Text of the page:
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- 5604A Virginia Beach Boulevard
- Adler Therapy Group
For a child with moderate to severe CAS, it is important that I spend time creating a plan of care surrounding what sounds (consonants/vowels) a child can already say and in what syllable shape the child can say them in (ex. If the child has the sounds "mmm" and "eee" in his/her spontaneous sound repertoire, and they can say "ma" for "mom" which is in a consonant(m)-vowel(a) syllable shape, I may choose the target "me" to practice in therapy as it includes a syllable shape the child is able to produce and 2 sounds the child is able to produce as well). I follow this protocol similarly for all children who come to me with moderate to severe CAS depending on what vowels and consonants they can already say. In addition to choosing targets based upon what the child can already say, I also take into consideration other information which could be important for the child to say. For example, if the Child's name is Cici, yet the /s/ sound is not in his/her repertoire, and they cannot produce CVCV syllable shapes (Cici=CVCV), I may still pick functional targets that include /s/ within a syllable shape that child can produce with cueing because it is important that the child eventually be able to say his/her name or at least an approximation of it. I may choose the target word "see" as the child does not have the sound/s/ but does have the /ee/ sound and can produce CV syllable shapes. I may also choose the target "peepee" if the child can produce /p/ and /ee/ in order to word on producing a CVCV syllable shape!
During a therapy session, parents should expect that we will mask our hard work in fun, functional, and playful scenarios. Although we have a lot of fun in therapy, therapy is still hard work, so I ensure that I am always in control of my materials as it is imperative we get a high number of practice trials during each session. I use a clicker during my sessions and typically require a child to produce their target word/words 5-10 times before taking a turn with a game. Of course, all children are different, so if we are not able to reach high number of trials at first, we always work up to it. It takes time to build trust between the child and their new therapist, so I always follow a child's lead while building up their confidence through growth mindset feedback. I empower children to be resilient through praise for hard work and recognition that speech can be hard but I am here to help. I use multi-sensory cues during therapy sessions to ensure the child is successful in his/her productions to include simultaneous productions, visual speech sound cues, tactile-touch cues, and verbal cues. I get to know each individual child to know what cues work best for them as everyone is different.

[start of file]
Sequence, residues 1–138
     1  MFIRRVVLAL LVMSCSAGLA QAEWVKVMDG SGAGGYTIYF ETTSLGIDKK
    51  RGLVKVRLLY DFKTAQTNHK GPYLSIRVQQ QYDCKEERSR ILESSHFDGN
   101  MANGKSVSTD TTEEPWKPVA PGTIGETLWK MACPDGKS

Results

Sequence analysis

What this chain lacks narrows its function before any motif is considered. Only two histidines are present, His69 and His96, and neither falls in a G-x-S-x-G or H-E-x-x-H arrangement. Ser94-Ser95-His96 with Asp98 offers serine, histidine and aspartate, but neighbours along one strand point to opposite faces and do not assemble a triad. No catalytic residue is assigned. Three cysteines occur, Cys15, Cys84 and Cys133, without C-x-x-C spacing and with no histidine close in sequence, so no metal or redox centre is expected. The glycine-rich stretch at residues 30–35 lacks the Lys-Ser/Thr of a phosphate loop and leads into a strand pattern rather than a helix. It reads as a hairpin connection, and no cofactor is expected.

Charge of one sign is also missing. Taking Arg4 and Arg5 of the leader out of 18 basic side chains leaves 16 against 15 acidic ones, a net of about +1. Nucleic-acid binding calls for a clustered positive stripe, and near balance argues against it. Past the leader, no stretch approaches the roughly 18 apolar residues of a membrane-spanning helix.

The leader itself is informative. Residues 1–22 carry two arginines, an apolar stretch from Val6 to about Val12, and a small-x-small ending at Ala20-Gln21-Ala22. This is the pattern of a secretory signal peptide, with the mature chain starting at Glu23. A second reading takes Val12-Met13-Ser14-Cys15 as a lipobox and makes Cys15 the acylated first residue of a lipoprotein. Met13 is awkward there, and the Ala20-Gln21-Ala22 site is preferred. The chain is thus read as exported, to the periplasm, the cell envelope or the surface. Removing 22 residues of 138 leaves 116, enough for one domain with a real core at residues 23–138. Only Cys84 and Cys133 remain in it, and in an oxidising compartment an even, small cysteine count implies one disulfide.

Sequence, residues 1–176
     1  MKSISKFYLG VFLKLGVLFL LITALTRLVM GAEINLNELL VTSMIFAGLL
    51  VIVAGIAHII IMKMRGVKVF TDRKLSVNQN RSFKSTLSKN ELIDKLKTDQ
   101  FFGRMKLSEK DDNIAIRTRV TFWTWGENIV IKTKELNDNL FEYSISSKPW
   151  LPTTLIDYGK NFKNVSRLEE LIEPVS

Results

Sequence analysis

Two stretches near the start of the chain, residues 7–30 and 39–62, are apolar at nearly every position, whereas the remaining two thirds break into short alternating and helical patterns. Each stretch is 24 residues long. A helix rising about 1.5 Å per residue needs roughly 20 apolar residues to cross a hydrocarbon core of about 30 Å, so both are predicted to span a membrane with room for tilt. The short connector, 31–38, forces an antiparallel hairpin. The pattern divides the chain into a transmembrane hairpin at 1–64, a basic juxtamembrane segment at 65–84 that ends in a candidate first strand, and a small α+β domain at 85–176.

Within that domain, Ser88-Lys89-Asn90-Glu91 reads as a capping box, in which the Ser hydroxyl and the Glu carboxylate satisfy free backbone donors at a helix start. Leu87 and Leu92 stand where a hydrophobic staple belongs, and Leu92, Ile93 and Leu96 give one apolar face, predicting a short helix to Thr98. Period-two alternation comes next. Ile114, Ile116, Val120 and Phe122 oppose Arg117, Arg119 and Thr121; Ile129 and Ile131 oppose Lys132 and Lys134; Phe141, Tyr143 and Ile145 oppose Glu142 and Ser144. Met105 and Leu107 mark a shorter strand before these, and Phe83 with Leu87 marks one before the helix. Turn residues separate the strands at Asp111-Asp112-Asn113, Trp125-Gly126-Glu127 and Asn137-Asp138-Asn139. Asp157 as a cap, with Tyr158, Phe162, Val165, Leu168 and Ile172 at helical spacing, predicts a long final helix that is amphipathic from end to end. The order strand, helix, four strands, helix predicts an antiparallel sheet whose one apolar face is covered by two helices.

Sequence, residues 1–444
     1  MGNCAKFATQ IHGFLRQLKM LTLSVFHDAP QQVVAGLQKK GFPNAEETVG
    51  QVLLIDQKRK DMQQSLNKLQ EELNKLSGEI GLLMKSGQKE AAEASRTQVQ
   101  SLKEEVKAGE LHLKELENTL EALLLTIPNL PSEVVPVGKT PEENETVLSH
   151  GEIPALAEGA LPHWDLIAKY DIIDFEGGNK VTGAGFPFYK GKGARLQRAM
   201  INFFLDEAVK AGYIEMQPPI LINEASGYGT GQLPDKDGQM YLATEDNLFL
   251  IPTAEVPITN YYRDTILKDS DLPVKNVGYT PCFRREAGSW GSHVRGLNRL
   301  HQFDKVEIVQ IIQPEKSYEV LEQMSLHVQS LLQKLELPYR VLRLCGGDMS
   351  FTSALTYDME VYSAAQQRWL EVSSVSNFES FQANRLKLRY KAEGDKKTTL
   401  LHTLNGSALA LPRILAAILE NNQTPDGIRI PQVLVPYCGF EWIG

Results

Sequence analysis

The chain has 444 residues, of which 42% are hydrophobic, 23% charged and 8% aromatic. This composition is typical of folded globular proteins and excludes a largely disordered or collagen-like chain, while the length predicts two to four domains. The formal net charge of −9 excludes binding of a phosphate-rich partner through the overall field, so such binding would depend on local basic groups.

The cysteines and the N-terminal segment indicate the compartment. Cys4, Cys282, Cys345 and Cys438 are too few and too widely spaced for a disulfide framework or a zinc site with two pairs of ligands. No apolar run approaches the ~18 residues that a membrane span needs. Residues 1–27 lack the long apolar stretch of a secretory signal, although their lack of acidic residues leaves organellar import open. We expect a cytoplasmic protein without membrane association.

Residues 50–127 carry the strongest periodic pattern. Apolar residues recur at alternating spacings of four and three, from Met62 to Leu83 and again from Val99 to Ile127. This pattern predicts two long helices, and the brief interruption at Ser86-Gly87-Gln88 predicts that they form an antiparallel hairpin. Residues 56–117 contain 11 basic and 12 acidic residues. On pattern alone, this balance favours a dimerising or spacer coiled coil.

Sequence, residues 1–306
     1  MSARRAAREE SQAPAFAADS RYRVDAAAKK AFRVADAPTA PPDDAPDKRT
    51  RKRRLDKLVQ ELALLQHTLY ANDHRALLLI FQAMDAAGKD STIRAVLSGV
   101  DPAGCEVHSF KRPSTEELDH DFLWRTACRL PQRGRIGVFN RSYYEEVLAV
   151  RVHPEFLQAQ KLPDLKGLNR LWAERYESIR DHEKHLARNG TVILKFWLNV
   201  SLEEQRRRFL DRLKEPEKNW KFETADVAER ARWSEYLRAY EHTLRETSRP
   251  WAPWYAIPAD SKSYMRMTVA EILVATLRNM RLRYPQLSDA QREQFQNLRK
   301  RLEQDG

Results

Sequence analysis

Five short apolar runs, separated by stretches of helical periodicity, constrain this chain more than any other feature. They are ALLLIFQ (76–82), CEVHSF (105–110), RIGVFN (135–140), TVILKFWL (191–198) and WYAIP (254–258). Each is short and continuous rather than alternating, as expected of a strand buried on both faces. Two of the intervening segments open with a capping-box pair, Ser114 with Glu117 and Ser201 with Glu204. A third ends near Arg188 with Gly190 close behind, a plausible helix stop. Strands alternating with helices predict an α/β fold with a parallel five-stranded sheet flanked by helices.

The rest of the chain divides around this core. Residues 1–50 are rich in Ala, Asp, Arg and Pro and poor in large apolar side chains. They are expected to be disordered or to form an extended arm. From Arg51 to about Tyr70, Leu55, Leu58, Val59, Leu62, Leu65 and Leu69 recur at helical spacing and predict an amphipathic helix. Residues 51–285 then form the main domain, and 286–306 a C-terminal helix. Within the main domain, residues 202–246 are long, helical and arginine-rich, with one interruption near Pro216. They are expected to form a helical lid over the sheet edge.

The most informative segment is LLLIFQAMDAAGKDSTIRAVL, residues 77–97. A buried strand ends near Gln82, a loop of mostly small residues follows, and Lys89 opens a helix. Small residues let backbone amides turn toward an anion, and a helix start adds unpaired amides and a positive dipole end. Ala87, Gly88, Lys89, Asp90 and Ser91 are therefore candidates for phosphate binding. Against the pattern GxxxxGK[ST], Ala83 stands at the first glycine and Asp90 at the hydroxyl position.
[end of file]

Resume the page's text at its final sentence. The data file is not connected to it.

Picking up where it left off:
My current involvement with the Apraxia community includes advocating and educating parents and other SLPs on the imperative role SLPs play in diagnosing and treating CAS. I feel that unfortunately, CAS is often under diagnosed and/or incorrectly diagnosed due to a shortage of education in our field regarding CAS. At my clinic currently, I provide opportunities for other SLPs to learn about treating and diagnosisng CAS through spreading word about new trainings or opportunities. I currently and mentoring a clinical fellow who has a child with CAS on her caseload. We completed the evaluation together and I have the opportunity to coach her during her therapy sessions. I plan to continue advocating and becoming more involved in the Apraxia community with this role and being listed as a provider. I would love to attend fundraisers in my community if they are available this year.
I involve parents in my sessions as much as possible. I love for parents to be in the therapy room and participating in the session. I provide many opportunities for parent involvement and education as possible. I do, however, not provide "homework" in the beginning stages of therapy as it is very important for the child to avoid negative practice. If a parent wants to practice at home, I ensure that I have thoroughly explained what types of cues work best for their child and ensure that they understand how to elicit these cues at home.
Three children currently on my caseload with with severe CAS have received high-tech speech generating devices to assist their speech and language needs. We use their AAC device during every therapy session. I model on their device and direct them to the device when communication breakdowns occur. I ensure that the device is a helping tool to advance language development and we still focus on getting high practice trials of speech during sessions. I have found the best success with using AAC therapy with children with severe CAS as it has helped tremendously with embedding grammatical goals that are often missed due to severity of intelligibility problems.